SQL Standard


If you have ever used SQL, you are most likely familiar with the SELECT statement. It is like the “hello world” of SQL as it creates the foundation of SQL queries.

The SELECT statement allows us to retrieve the data from one more database table. However, you might encounter such instances where you need to give the columns in the query with a different name or some sort of alias. For whatever reason, it is either for clarity or to perform a given calculation.

This is where the AS keyword comes into aid. It allows us to assign an alias to a column, a table, or an expression within an SQL query.

In this tutorial, we will dive into the world of SQL and learn about the AS keyword, why it exists, and how we can use it.


The SELECT AS clause allows us to assign the aliases to columns, tables, or expressions in your SQL query.

We can express its syntax as follows:

SELECT column_name AS alias_name

FROM table_name;

Here, the “column_name” refers to the name of the column that we want to select and the “alias_name” refers to the alias that we wish to assign to the selected column.

The best way to understand how this feature works is to use it. Therefore, let us look at some example usage of its application.

Example 1: Column Alias

The most common usage of the AS keyword is assigning a column with an alias. Suppose we have a table that contains the customer information with the “first_name” and “last_name” columns.

If you want to select the data from the table but use the “First Name” and “Last Name” aliases for the columns, we can use a query as follows:

SELECT first_name AS "First Name", last_name AS "Last Name"

FROM customer;

This should provide a different name for the resulting columns as demonstrated in the following example output:

We can also use the aliases in a calculation. For example, suppose we wish to calculate the yearly salary of all employees and output the resulting values as “Annual Salary” column. We can use the query as follows:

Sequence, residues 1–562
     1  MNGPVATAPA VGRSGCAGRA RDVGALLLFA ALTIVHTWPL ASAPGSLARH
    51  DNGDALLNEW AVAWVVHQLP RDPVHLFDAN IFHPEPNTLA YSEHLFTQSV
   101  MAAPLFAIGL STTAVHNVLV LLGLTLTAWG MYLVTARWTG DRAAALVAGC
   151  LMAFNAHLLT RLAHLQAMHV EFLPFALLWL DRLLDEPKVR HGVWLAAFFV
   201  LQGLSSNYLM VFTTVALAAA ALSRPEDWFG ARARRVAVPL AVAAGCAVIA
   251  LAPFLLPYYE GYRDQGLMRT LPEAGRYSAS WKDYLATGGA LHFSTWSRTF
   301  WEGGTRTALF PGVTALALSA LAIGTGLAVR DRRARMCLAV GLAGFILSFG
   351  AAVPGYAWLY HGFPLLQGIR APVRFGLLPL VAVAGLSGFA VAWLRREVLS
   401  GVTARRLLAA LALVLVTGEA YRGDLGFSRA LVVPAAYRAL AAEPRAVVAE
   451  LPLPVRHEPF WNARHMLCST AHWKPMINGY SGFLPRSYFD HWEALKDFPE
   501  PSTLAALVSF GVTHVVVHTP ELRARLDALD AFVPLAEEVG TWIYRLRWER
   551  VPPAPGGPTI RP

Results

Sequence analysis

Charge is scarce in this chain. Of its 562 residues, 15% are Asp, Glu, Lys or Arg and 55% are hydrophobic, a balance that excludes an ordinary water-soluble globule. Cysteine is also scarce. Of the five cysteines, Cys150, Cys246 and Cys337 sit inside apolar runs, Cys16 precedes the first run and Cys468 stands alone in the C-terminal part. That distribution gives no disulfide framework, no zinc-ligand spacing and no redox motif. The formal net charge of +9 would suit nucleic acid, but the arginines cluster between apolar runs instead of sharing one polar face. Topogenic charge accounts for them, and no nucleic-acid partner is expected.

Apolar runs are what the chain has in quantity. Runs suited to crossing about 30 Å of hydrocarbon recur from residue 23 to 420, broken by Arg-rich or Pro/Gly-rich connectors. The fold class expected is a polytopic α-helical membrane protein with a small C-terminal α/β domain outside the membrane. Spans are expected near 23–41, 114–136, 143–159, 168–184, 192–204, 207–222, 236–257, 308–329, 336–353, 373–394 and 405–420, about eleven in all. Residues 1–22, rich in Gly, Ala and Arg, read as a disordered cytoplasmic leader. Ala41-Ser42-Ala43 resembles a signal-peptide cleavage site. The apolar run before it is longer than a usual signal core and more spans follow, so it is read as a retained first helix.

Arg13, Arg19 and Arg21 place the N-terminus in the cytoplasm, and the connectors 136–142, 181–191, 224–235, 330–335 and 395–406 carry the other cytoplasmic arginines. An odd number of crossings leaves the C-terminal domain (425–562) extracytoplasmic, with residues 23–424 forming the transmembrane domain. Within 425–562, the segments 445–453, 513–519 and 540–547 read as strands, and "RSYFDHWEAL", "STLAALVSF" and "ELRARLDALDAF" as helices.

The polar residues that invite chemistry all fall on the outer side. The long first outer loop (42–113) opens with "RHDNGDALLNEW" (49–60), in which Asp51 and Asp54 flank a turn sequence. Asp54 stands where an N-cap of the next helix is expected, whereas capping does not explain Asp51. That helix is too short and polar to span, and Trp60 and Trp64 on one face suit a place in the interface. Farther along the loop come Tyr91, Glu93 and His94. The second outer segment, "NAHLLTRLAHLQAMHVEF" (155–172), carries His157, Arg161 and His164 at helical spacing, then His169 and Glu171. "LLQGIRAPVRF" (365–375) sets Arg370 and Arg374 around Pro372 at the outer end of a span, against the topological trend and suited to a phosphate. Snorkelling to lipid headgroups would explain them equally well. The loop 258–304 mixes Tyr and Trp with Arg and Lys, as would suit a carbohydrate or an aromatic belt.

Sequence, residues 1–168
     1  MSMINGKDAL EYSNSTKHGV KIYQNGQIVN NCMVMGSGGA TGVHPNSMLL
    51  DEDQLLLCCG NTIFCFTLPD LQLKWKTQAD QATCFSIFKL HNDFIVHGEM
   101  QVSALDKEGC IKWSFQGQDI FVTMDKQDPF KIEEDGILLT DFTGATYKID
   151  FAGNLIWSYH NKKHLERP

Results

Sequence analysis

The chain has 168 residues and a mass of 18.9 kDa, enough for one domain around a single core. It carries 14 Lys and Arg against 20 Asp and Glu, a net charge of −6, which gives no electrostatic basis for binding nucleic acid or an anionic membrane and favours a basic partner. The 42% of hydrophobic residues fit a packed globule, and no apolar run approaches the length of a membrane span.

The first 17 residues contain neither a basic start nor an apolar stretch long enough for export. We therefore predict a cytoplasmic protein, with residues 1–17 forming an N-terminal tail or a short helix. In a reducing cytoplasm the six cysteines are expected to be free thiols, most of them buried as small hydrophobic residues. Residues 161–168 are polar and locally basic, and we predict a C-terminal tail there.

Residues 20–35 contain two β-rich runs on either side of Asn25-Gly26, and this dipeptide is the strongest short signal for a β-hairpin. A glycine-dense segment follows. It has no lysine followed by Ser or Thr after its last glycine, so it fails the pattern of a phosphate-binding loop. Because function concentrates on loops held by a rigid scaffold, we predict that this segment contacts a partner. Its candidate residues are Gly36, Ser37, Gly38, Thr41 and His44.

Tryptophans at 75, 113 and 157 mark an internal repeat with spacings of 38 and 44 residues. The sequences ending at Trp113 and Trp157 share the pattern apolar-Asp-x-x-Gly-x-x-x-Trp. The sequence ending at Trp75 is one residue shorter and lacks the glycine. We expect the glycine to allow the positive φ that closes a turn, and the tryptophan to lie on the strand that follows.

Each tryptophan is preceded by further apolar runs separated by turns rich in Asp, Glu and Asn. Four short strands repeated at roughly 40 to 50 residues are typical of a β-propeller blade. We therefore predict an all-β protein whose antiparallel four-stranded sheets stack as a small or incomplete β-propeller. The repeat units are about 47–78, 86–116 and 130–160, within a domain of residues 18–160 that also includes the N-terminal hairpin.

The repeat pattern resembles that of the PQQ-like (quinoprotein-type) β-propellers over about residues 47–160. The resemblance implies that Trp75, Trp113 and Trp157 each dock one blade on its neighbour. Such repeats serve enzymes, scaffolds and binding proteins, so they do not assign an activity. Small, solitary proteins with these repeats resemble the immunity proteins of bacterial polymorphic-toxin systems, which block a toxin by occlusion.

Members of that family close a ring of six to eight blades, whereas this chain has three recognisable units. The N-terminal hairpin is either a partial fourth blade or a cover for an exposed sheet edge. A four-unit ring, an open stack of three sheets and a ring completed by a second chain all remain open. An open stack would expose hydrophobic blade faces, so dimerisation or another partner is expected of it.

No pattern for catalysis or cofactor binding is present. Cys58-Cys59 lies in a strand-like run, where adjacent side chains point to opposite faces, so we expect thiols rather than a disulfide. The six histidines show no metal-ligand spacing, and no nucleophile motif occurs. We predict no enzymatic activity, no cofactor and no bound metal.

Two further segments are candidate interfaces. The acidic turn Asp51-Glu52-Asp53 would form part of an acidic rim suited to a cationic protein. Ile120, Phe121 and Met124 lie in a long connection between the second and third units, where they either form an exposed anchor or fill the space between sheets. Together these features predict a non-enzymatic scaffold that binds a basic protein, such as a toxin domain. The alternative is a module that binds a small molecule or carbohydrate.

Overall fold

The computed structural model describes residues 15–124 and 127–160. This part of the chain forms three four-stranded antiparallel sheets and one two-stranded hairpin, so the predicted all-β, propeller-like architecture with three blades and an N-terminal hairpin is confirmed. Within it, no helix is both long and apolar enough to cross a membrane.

SELECT salary * 12 AS "Annual Salary"

FROM employees;

In this example, we calculate the annual salary by multiplying the salary column by 12 and give it with an alias of “Annual Salary”.

Example 2: Table Aliases

The second use case of the AS keyword is setting and assigning the table aliases. Table aliases are quite useful as they come in handy when dealing with joins or even to make your queries more readable.

Consider the following example that demonstrates how to create a table alias using the AS keyword:

SELECT e.first_name, e.last_name, d.department_name

FROM employees AS e

INNER JOIN departments AS d ON e.department_id = d.department_id;

In this case, we assign the “e” and “d” aliases to the “employees” and “departments” tables, respectively. This makes it very easy to reference the tables later in the query. This is very prevalent when dealing with SQL joins.

Example 3: Expression Aliases

Another use case of the AS keyword is to create the aliases for various expressions. This can help to simplify a complex expression or calculation.

Take a sample demonstration for example:

SELECT CONCAT(first_name, ' ', last_name) AS "Full Name"

FROM employees;

This demonstrates how to assign an aliase for a “concat” function.

Example 4: Subquery Aliases

We can also create the aliases when dealing with subqueries. This can make the subqueries easier to reference and understand.

An example is as follows:

SELECT first_name, last_name, (

SELECT MAX(salary) FROM employees

) AS "Max Salary"

FROM employees;

In this example, we use a subquery to determine the maximum salary from the “employee” table and assign it with an alias of “Max Salary” in the main query.

Example 5: Aggregate Function Aliases

Lastly, we can use the aliases to the columns resulting from an aggregate function for a more readable output as demonstrated in the following:

SELECT AVG(salary) AS "Average Salary"

FROM employees;

In this case, we assign the result of the AVG() function to the “Average Salary” alias.


In this tutorial, we learned about one of the fundamental features of SQL which allows us to create the aliases for various objects such as tables, columns, expressions, subqueries, etc. This can help to improve the query readability and provide a clarity for the resulting output.

About the author

John Otieno

My name is John and am a fellow geek like you. I am passionate about all things computers from Hardware, Operating systems to Programming. My dream is to share my knowledge with the world and help out fellow geeks. Follow my content by subscribing to LinuxHint mailing list